According to the Census Bureau’s Housing Vacancy Survey (HVS), the nation’s homeownership rate in the last quarter of 2015 was 63.8%. However, the homeownership rate was still down by 20 basis points on a nonseasonally adjusted basis from the last quarter of 2014 to the last quarter of 2015.
Compared to the peak at the end of 2004, the homeownership rate has steadily decreased by 5.4 percentage points and remains below the 25-year average rate of 66.2%.
The homeownership rate for Generation X increased to 59.3%, up by 0.5% on a year-over-year basis, while homeownership rates continued to decline for other age groups. The homeownership rate for household heads older than 65 years old (79.3 %) decreased by 20 basis points from the fourth quarter of last year. The largest declines, however, are for those aged less than 35 and aged 55-64, with an annual drop of 60 basis points.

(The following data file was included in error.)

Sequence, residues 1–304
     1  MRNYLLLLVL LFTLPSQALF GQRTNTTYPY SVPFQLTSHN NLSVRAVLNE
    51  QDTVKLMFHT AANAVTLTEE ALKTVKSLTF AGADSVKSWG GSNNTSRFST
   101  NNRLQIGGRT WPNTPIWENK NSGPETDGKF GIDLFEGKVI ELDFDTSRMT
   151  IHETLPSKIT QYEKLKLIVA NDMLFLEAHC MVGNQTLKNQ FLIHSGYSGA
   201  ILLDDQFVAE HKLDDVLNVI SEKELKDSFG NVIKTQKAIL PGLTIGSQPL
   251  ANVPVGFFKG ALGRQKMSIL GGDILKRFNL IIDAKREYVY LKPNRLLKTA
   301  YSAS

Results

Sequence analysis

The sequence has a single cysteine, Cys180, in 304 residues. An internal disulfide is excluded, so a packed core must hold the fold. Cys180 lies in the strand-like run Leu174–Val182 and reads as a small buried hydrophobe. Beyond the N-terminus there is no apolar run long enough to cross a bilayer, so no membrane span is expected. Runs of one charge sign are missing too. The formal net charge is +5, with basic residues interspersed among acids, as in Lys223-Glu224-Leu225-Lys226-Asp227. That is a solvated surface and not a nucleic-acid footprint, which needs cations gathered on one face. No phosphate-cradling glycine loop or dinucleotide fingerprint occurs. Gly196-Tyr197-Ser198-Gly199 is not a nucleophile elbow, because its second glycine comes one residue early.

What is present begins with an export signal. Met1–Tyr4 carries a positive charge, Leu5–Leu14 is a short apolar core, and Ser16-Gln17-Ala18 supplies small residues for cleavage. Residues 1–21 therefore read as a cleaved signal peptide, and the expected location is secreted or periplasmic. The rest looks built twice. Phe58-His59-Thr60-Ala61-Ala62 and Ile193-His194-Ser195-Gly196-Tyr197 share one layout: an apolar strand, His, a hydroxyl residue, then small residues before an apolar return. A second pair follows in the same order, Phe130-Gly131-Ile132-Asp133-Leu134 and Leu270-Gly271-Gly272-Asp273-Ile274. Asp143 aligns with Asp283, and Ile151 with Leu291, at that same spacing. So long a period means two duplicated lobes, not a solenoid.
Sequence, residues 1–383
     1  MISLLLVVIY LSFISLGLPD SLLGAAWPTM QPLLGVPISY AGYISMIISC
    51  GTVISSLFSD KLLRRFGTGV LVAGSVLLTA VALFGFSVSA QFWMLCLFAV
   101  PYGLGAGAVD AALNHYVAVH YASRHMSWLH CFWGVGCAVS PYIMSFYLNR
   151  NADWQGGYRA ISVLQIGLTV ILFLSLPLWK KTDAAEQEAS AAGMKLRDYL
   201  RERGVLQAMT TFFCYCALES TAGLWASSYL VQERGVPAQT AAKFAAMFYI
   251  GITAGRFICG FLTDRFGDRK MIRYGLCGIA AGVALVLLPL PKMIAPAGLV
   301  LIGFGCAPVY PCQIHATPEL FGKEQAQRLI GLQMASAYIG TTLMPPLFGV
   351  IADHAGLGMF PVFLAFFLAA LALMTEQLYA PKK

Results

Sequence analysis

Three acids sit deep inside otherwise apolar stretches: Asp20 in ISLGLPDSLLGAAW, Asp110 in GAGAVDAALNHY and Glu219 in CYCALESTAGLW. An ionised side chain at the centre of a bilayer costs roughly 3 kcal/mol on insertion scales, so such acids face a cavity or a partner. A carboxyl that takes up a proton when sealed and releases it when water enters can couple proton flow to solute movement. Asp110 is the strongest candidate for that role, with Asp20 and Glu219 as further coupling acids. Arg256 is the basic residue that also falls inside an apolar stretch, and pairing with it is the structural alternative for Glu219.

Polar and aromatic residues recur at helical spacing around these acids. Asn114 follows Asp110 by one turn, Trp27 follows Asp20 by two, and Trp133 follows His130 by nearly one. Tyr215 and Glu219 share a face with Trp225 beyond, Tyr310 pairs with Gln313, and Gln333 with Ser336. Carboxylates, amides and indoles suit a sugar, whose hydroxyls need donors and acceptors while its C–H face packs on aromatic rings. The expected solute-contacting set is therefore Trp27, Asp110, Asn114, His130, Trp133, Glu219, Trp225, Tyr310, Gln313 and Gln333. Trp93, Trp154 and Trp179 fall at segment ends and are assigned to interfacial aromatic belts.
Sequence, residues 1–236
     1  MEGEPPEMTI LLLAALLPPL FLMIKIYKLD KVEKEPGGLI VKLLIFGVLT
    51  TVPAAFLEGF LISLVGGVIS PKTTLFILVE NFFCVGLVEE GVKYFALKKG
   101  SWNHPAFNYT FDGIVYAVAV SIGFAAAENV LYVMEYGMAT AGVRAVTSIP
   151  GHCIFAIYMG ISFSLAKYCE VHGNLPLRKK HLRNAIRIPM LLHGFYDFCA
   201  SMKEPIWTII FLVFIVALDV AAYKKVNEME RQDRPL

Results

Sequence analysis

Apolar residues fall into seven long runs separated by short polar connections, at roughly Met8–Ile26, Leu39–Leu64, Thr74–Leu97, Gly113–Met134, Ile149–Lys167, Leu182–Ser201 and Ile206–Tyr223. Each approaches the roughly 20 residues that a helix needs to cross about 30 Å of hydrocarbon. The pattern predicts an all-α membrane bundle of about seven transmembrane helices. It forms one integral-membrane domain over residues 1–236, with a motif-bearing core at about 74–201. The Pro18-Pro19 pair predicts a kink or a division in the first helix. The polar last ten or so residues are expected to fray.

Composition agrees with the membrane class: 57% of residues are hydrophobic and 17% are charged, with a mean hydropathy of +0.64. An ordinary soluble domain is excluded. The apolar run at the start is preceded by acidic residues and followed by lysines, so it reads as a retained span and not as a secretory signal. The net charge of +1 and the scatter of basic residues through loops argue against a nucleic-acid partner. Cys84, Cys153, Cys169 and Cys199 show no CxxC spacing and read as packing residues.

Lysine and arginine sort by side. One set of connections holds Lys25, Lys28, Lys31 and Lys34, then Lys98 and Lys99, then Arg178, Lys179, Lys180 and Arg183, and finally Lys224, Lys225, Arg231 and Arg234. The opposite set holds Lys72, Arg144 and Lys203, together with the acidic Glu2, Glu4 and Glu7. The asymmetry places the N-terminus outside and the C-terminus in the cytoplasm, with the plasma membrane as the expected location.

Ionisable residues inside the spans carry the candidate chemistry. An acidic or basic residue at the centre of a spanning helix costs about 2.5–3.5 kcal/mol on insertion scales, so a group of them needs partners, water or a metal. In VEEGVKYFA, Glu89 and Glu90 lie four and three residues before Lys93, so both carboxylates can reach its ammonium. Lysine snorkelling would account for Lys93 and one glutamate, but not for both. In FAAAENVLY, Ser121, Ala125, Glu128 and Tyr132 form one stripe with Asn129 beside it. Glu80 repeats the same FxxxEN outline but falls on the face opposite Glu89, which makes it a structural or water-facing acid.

The nonseasonally adjusted homeowner vacancy rate remained low at 1.9% in the fourth quarter 2015.The national rental vacancy rate also remained unchanged at 7% for the third quarter on a nonseasonally adjusted basis, compared to that of 2014.
The HVS also provides a timely measure on household formations – the key driver of housing demand. Although it is not perfectly consistent with other Census Bureau surveys (Current Population Survey’s March ASEC, American Community Survey, and Decennial Census), the HVS remains a useful source of relatively real-time data.
The housing stock-based HVS revealed that the number of households stood at 117.78 million for the fourth quarter of 2015. This is half million higher than a year ago and sustains gains recorded at the end of 2014. On a less volatile one-year moving average, the increasing trend of household formations is clearly shown in the graph above. On a one-year moving basis, the pace of household increase is maintained at more than 1% in 2015, with 1.1% increase at the end of 2015. Growth in household formations will spur rental housing demand first, and ultimately, home sales.